[ teyk-bak ]
/ ˈteɪkˌbæk /
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something taken back or withdrawn, especially an employee benefit previously gained in a union contract; takeaway.


of or relating to what is taken back: a takeback agreement.



In effect, this quiz will prove whether or not you have the skills to know the difference between “affect” and “effect.”
Question 1 of 7
The rainy weather could not ________ my elated spirits on my graduation day.

Origin of takeback

Noun use of verb phrase take back
Dictionary.com Unabridged Based on the Random House Unabridged Dictionary, © Random House, Inc. 2021

British Dictionary definitions for takeback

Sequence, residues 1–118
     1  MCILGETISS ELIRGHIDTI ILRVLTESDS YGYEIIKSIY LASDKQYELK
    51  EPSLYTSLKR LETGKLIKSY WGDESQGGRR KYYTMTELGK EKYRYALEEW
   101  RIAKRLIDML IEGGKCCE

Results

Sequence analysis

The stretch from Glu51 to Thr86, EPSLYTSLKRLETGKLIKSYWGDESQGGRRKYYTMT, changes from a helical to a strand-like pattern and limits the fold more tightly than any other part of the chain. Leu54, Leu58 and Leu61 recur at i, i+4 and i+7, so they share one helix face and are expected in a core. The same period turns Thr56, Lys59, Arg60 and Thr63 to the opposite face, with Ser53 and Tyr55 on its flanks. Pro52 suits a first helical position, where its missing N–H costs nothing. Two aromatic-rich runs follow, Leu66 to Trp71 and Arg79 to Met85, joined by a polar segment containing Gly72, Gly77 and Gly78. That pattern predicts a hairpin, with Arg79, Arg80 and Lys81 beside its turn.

take back

verb (adverb, mainly tr)

to retract or withdraw (something said, written, promised, etc)
to regain possession of
to return for exchangeto take back a substandard garment
to accept (someone) back (into one's home, affections, etc)
to remind one of the past; cause one to reminiscethat tune really takes me back
(also intr) printing to move (copy) to the previous line
Collins English Dictionary - Complete & Unabridged 2012 Digital Edition © William Collins Sons & Co. Ltd. 1979, 1986 © HarperCollins Publishers 1998, 2000, 2003, 2005, 2006, 2007, 2009, 2012

Idioms and Phrases with takeback

take back


Retract a statement, as in I said you weren't much of a cook but after that dinner I take it all back. This usage was first recorded in 1775.


take one back. Return in thought to a past time, as in That music takes me back to the first dance I ever went to. [Late 1800s]

The American Heritage® Idioms Dictionary Copyright © 2002, 2001, 1995 by Houghton Mifflin Harcourt Publishing Company. Published by Houghton Mifflin Harcourt Publishing Company.
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